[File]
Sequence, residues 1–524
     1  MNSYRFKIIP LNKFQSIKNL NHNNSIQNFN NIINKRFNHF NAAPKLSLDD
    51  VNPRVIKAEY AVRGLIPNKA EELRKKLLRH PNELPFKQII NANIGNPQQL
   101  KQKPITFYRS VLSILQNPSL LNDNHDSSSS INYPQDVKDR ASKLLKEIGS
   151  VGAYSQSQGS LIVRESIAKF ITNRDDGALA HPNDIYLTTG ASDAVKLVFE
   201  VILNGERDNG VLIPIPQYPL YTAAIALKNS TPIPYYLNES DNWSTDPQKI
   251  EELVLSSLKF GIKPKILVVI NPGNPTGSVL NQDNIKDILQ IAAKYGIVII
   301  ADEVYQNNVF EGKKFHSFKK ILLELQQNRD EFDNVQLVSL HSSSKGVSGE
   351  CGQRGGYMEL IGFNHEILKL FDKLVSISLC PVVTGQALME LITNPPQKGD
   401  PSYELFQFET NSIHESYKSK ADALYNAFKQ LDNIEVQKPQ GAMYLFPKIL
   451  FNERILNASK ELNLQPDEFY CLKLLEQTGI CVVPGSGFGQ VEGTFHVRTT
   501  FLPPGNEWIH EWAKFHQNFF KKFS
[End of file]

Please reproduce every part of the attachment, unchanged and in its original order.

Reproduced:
Sequence, residues 1–524
     1  MNSYRFKIIP LNKFQSIKNL NHNNSIQNFN NIINKRFNHF NAAPKLSLDD
    51  VNPRVIKAEY AVRGLIPNKA EELRKKLLRH PNELPFKQII NANIGNPQQL
   101  KQKPITFYRS VLSILQNPSL LNDNHDSSSS INYPQDVKDR ASKLLKEIGS
   151  VGAYSQSQGS LIVRESIAKF ITNRDDGALA HPNDIYLTTG ASDAVKLVFE
   201  VILNGERDNG VLIPIPQYPL YTAAIALKNS TPIPYYLNES DNWSTDPQKI
   251  EELVLSSLKF GIKPKILVVI NPGNPTGSVL NQDNIKDILQ IAAKYGIVII
   301  ADEVYQNNVF EGKKFHSFKK ILLELQQNRD EFDNVQLVSL HSSSKGVSGE
   351  CGQRGGYMEL IGFNHEILKL FDKLVSISLC PVVTGQALME LITNPPQKGD
   401  PSYELFQFET NSIHESYKSK ADALYNAFKQ LDNIEVQKPQ GAMYLFPKIL
   451  FNERILNASK ELNLQPDEFY CLKLLEQTGI CVVPGSGFGQ VEGTFHVRTT
   501  FLPPGNEWIH EWAKFHQNFF KKFS